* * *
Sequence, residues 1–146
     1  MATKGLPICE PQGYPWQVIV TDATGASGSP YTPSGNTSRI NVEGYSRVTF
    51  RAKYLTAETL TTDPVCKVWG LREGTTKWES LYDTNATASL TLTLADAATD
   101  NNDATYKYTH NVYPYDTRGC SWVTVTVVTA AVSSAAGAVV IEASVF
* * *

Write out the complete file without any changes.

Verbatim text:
Sequence, residues 1–146
     1  MATKGLPICE PQGYPWQVIV TDATGASGSP YTPSGNTSRI NVEGYSRVTF
    51  RAKYLTAETL TTDPVCKVWG LREGTTKWES LYDTNATASL TLTLADAATD
   101  NNDATYKYTH NVYPYDTRGC SWVTVTVVTA AVSSAAGAVV IEASVF